30 Founder-Tested Tactics for Building Community as a Product

Photo Credit: lestaylorphoto via Compfight cc
Photo Credit: lestaylorphoto via Compfight cc

Last week, Lucy and I hosted an SFCMGR talk at Founders Space on building community as a product. People often talk about community as marketing or as customer success, but we wanted to focus on something that went to the core of community-building; we wanted to hone in on building communities as products and building products for communities.

This is what we refer to as community-centric products, where the product is there to facilitate interaction, sharing, and meeting others, and where these connections help people build the future.

So we put together a panel of three inspiring founders to share their knowledge: Ryan Hoover of ProductHunt, Sandi MacPherson of Quibb, and Kate Kendall of The Fetch and Cloudpeeps. Each of these founders is working to build something from nothing, all while slowly and steadily connecting small groups of people that have scaled over time to much larger ones.

So whether you’re a founder or a community manager or just curious about what community even means, these are three excellent people to guide you along the path to learning more about growing a community-centric product.

Thanks to the wonderful note-taking and sharing of Yury Lifshits (founder of Blended Labs) and Matthew Levene (CM at Ohmconnect), I can share 30 tactics, tips, and morsels of knowledge from these three. Buckle your seat belts, this is a long, information-packed post, folks!

Me, Sandi, Ryan, and Kate
Me, Sandi, Ryan, and Kate

Getting Started

  1. Don’t try to create a product without first observing what people already do when they communicate with one another. – Ryan Hoover
  2. It’s more important to build the community than building the product itself at first. You can do this with a simple email list, as Ryan did. – Ryan Hoover
  3. Have coffee with a few people who you consider ideal community members. Show them mock-ups and share your ideas, but listen to theirs with open ears. – Sandi MacPherson
  4. Begin with influencers. They will bring their networks with them. – Ryan Hoover
  5. There is no easy way to tell who is going to be a “valuable” member until they’ve gotten started. So there is no one-size-fits-all outreach solution. – Sandi MacPherson
  6. When you’re getting started, you’ll likely need to be the most active member of your community. Set norms and give what you want to get in return. (i.e. Sandi had a gaming fan and learned all about games because she knew he was a valuable member) – Sandi MacPherson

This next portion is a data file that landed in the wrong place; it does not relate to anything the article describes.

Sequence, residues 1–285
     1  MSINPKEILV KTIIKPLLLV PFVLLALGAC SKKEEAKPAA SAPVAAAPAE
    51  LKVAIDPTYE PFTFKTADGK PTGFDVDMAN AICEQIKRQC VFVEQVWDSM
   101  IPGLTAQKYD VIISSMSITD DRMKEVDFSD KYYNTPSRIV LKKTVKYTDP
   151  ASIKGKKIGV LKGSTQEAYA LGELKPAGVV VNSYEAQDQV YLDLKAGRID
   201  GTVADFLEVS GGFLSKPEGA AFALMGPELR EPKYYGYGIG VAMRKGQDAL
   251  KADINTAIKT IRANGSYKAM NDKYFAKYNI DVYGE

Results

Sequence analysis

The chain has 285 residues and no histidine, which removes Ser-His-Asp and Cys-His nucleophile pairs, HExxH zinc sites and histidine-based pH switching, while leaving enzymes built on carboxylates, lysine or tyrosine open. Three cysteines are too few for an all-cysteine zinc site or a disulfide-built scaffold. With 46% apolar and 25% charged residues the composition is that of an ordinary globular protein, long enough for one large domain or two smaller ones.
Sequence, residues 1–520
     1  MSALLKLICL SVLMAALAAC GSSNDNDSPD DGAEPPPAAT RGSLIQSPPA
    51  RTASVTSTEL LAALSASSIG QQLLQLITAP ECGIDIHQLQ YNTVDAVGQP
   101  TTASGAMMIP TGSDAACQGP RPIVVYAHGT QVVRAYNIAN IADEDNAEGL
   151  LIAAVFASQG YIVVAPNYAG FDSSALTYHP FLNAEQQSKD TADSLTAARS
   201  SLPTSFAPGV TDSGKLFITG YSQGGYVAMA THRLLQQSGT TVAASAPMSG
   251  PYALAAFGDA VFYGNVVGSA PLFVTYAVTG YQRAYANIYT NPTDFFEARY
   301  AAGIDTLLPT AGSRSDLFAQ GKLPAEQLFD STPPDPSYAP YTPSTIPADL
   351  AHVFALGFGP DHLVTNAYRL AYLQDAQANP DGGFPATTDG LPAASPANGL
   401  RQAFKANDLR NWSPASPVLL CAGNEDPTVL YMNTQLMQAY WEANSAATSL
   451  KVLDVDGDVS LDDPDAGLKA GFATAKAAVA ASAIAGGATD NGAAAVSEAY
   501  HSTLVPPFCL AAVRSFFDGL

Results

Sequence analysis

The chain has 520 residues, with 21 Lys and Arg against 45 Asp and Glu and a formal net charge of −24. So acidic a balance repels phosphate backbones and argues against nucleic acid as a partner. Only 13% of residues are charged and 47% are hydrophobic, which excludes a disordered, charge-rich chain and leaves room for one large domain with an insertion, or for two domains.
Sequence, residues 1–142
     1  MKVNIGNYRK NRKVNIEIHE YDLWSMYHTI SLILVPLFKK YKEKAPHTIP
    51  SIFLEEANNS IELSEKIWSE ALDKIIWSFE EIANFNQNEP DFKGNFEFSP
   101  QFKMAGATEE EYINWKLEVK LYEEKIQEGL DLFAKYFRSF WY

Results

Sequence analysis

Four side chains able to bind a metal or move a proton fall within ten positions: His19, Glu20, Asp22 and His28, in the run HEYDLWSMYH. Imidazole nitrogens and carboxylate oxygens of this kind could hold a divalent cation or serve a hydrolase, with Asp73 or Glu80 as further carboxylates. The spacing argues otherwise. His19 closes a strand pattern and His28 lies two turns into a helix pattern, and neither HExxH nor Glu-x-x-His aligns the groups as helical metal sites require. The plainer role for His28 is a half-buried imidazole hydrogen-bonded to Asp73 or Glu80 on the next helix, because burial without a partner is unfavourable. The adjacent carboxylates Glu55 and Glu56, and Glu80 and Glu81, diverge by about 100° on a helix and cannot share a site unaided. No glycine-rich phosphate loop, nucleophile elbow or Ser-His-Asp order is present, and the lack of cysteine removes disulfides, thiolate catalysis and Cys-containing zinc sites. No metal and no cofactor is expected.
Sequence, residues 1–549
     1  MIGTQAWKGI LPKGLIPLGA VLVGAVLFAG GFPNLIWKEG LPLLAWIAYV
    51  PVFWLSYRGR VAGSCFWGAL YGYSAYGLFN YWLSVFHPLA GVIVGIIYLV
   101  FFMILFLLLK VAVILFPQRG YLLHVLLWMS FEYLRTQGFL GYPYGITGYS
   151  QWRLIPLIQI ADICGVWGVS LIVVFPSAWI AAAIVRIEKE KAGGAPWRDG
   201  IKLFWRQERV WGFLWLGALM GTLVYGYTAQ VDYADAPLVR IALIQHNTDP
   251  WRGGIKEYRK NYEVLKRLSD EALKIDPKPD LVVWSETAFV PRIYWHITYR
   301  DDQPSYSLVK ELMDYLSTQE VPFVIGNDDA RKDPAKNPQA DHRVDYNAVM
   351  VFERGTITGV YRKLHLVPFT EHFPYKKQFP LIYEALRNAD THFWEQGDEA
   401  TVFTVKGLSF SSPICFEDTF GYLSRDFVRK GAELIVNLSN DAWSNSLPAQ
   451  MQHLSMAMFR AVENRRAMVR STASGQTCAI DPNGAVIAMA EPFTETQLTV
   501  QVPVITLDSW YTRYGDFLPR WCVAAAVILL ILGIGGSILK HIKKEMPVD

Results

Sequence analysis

7. Focus on finding the right people and setting the tone in these early days. That is more important than growth or optimizing anything. – Kate Kendall
  8. Create language and style guides that makes sense for your community. For instance, people “hunt” products on ProductHunt. – Ryan Hoover
  9. Send a personal welcome email to each new user. – Ryan Hoover
  10. Ask people to contribute early on (content, a link, feedback), so they are invested in the product’s success. People want to be a part of something that they feel they have a hand in creating. – Sandi MacPherson

The “hustle” – Going from zero users to getting regular community members:

  1. Create offline community events to connect your users. Quibb hosts picnics in the park in SF. – Sandi MacPherson
  2. Consider pairing up two new users to be buddies or onboarding them in batches to create camaraderie and shared experiences. – Kate Kendall
  3. Email is still the best way to contact people today. Email marketing, check-ins, and newsletters are truly key. – Ryan Hoover
  4. If you want feedback from people leaving the community, create anonymous forms. But never expect people to be totally honest. – Sandi MacPherson
  5. Ask current community members for recommendations of who they’d like to invite to the community. – Ryan Hoover
  6. Don’t get offended when people unsubscribe from your emails. It’s nothing personal. – Kate Kendall
  7. Transparency will drive members to support you. Sandi allowed Quibb members to help her decide her CEO salary. – Sandi MacPherson
  8. Don’t prematurely optimize anything. Even with 2,000 users, it may not be the right time to carefully monitor churn or behavior. Instead, focus on creating great connections and conversations with your first users. – Ryan Hoover
  9. Don’t get ahead of yourself with writing community guidelines. They may not be necessary until farther down the road and can appear heavy-handed. – Sandi MacPherson
  10. Community products really only make sense for daily behaviors (Hacker News, Reddit) rather than weekly or monthly ones. So monitor how often people are using your product. – Ryan Hoover